If you have any questions about your health or health insurances, please contact the Health Center. Here is the link to their website.
- Financial Aid Office
- The Personal Counseling Center
- General Counselors for academic advising
- The Health Center
- The Learning Center for tutoring
- TRIO Student Support Services
- Transfer Center for assistance to transfer to a 4-year university
- Dream Center
- Veterans Services
- Canvas Support
- Spark Point Services for financial coaching
- Peer Mentors
The DRC is pleased to share this list of scholarships that may be of interest to you. This list is not intended to be comprehensive. We ask you to please check back periodically for new additions or updates.
- California Association of Postsecondary Education & Disability Scholarships (CAPED)
- Laura Williams Memorial Scholarship
- Microsoft DisAbility Scholarship
- USA Funds Access to Education Scholarships
Students on the Autism Spectrum
Students who are Deaf or Hard-of-Hearing
Students who are Legally Blind
- Mary P. Oenslager Scholastic Achievement Award
- National Federation of the Blind
- State of California Council of the Blind
Here are support resources OFF campus that you might find helpful:
The U.S. Department of Health and Human Services (HHS) Office for Civil Rights (OCR) enforces federal civil rights laws, conscience and religious freedom laws, the Health Insurance Portability and Accountability Act (HIPAA) Privacy, Security, and Breach Notification Rules, and the Patient Safety Act and Rule, which together protect your fundamental rights of nondiscrimination, conscience, religious freedom, and health information privacy. Visit https://www.hhs.gov/ocr/index.html for more information.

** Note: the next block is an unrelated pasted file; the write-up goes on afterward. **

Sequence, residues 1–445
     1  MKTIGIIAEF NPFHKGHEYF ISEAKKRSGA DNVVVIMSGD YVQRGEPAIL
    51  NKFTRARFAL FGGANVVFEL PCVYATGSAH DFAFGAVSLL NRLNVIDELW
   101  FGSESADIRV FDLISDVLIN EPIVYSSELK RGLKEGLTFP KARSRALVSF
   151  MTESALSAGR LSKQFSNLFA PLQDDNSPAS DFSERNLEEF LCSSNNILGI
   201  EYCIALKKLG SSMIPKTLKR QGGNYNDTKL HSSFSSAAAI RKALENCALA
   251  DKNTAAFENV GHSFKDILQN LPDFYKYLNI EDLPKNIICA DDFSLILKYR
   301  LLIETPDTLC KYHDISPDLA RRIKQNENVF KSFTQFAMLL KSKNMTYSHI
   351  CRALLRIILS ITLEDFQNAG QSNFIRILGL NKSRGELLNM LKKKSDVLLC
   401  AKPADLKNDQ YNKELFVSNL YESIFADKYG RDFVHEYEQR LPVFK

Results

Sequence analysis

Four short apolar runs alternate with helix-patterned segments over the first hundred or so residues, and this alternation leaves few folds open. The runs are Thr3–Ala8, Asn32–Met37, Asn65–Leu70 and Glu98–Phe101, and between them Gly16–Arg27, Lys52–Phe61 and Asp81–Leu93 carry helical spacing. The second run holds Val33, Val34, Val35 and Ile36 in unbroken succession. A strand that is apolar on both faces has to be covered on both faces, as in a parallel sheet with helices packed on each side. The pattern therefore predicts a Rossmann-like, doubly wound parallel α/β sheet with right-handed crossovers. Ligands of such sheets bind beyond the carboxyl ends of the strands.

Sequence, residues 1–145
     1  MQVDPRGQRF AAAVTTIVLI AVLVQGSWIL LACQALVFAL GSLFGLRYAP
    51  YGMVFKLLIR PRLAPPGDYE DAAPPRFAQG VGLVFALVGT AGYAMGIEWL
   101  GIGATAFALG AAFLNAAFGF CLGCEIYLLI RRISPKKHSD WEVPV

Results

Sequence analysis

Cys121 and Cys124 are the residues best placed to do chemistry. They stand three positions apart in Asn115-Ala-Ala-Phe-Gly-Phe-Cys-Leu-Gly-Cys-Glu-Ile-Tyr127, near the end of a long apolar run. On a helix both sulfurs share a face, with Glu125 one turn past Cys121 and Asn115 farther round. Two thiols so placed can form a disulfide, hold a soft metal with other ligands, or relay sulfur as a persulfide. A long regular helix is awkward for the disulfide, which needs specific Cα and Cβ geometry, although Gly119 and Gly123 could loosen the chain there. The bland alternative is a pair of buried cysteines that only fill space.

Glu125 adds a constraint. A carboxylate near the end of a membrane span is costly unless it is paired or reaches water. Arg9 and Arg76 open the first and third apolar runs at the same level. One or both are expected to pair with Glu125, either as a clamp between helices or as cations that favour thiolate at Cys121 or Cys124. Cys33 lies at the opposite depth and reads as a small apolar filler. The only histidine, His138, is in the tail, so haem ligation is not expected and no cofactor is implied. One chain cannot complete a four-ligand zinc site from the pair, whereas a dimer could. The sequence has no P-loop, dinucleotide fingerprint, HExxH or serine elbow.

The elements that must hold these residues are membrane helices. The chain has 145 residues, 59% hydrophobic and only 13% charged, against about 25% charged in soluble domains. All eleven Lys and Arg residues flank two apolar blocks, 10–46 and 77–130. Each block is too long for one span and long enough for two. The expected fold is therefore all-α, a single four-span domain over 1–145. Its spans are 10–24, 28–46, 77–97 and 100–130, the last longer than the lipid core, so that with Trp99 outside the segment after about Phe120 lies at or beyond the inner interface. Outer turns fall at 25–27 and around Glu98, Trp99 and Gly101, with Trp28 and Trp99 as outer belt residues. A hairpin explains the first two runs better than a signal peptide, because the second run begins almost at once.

Register to Vote:
You've moved permanently to another state. Register to vote in the new state.
You've moved within your state or changed your name. Update your voter registration with your new location or your new name. Make sure you also update your state driver's license or state ID card before the election, if that's the voter ID you'll use.
Your name and address have not changed and you're an active voter.
You move to a different state very close to the date of a presidential primary or general election. Check with your old state. You may be able to vote by mail through your old state for that election. After that, you'll need to register with and begin voting in your new state.